The legacy and impact of women in the Florida State University’s College of Music
By Brenna Miller, College of Music Student
In celebration of Women’s History Month, the College of Music at Florida State University reflects on over 120 years of achievement by their students, faculty and alumni. As one of the original four academic units of the university, they are known to have talented women at the helm driving innovation and leading the charge in the areas of education, performance, research and entrepreneurship.
Ella Scoble Opperman (M.M. ’44) was the first dean of music for the Florida State College for Women, a role she held from 1911 until her retirement in 1944. Her 33-year tenure witnessed important growth in program offerings as well as exceptional musical and academic talent.
Opperman was a pianist and organist and held many leadership roles in accreditation and professional music organizations. This skillset served as a benchmark for faculty and students. Having paved the way for future musicians and reflecting on her hopes for the School of Music, Opperman wrote in 1945, “there is every reason to believe that it will continue progressive[ly] and become a great leader in the development of music for our young people.”
Audience members are reminded of her influence as they enjoy hundreds of concerts annually in the Kuersteiner Building’s Opperman Music Hall. The college continues to set the example for excellence and leadership in music education in America and garner recognition as one of the best music programs in the nation.
Woven throughout the history of the college, are women, who remained at the forefront of innovation and attainment as faculty members, students and alumni. Ellen Taaffe Zwilich (B.M. ’60, M.M. ’62), a Marie Kraft Distinguished Professor in music composition, attended FSU, and was active in all aspects of the school including the FSU Marching Chiefs. After receiving her degree, she went on to study at the Juilliard Performing Arts Conservatory and earned the first Doctor of Musical Arts in composition. She is now widely regarded as one of America’s leading composers. In 1983, She became the first woman to win the coveted Pulitzer Prize in Music. She has also received a prestigious Guggenheim Fellowship and four Grammy Award nominations.
The exceptional learning environment is also a launching board for students to excel and craft impressive careers for themselves in the music and performance industry after graduation. Jazmin Ghent (B.M.E. ’13), majored in music education, but her entrepreneurial spirit led her to pursue a career as a jazz musician. Now, six of her singles have landed in the Billboard Music Top 5 and she was awarded a 2019 NAACP Image Award for Outstanding Jazz Album.
FSU continues to lead in placement of women graduates to university teaching positions across the nation, including Devan Moore (MME ’16, Ph.D. ’22) as a band director at Oklahoma State University, Morgan Luttig (Ph.D. ’22), director of Choral Activities at the University of Alabama and Dawn Iwamasa (Ph.D. ’19), a music therapy professor at the University of Missouri-Kansas City. Not to mention Julia Baumanis (B.M.E. ’10, M.M. ’16, Ph.D. ’19), the assistant director of bands at Rutgers and the first female band director in the University’s history.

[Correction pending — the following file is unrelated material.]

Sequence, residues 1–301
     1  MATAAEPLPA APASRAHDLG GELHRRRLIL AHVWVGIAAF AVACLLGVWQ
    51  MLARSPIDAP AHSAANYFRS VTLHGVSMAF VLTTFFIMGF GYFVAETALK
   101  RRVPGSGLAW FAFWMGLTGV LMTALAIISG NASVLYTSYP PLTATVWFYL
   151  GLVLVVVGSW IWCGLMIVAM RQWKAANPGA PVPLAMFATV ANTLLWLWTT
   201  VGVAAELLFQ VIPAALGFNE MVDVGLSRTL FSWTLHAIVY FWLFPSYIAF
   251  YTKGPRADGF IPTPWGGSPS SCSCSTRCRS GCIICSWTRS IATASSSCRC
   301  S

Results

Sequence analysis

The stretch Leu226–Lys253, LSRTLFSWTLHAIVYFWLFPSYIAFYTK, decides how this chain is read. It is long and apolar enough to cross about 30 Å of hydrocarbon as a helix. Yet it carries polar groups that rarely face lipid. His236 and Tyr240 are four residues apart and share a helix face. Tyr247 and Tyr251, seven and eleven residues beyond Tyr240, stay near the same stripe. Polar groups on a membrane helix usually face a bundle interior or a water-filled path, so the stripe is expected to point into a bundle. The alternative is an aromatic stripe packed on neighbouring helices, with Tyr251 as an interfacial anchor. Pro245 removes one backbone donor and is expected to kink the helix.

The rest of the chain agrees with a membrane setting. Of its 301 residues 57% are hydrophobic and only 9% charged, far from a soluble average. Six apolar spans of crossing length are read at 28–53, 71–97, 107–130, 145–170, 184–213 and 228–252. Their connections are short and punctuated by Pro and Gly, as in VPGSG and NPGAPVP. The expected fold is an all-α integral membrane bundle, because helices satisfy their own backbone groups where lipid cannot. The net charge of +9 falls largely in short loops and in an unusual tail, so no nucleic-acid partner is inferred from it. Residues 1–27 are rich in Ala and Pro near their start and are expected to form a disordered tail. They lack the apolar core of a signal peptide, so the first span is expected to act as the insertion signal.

The university’s athletic bands, concert bands and symphony orchestras are leaders in their respective fields and set the example for many music programs across the country. This spring, the University Symphony Orchestra (USO) under the direction of Alexander Jiménez (M.M. ’88, M.M.E. ‘’90, D.M. ’99) will continue the College’s tradition of celebrating women pioneers in music. The USO will tour the state of Florida, the Dominican Republic and feature Violin Concerto No.2 by Florence Beatrice Price, the first African American woman to have a symphonic composition played by a major American orchestra. Shannon Thomas, Assistant Professor of Violin at FSU will join the USO as a featured soloist in performances in Sarasota, Orlando’s new Steinmetz Hall and several performances in the Dominican Republic.
Students are also impressive in their leadership and innovation in their personal musical artistry and in the professional arena. The College’s 21st Century initiative offers students entrepreneurial experience and incubation through coursework and real-world projects using provided funds and community support.
One such enterprise, HERo, works to connect women in the music industry and share women’s accomplishments in music. Project leader and doctoral student Darrian Lee (M.M. ’22) leads a collaborative team that mirrors private enterprise and philanthropic organizations including leadership, assessment metrics and job evaluation. The group also creates podcasts, performances and events that share music by women composers, and is currently planning a national conference that will celebrate and foster collaboration between women in music. The event is set to be held at FSU’s Tallahassee Campus in May of 2023.
The FSU College of Music remains a force, driven by the contribution, support and success of women both inside and outside of the classroom. With a storied legacy and tradition of excellence, the College celebrates their history and continuation of world-class music education.
This article previously appeared in the Spring 2023 edition of VIRES Magazine, the official alumni publication of Florida State University. To see more please visit gonol.es/VIRES23
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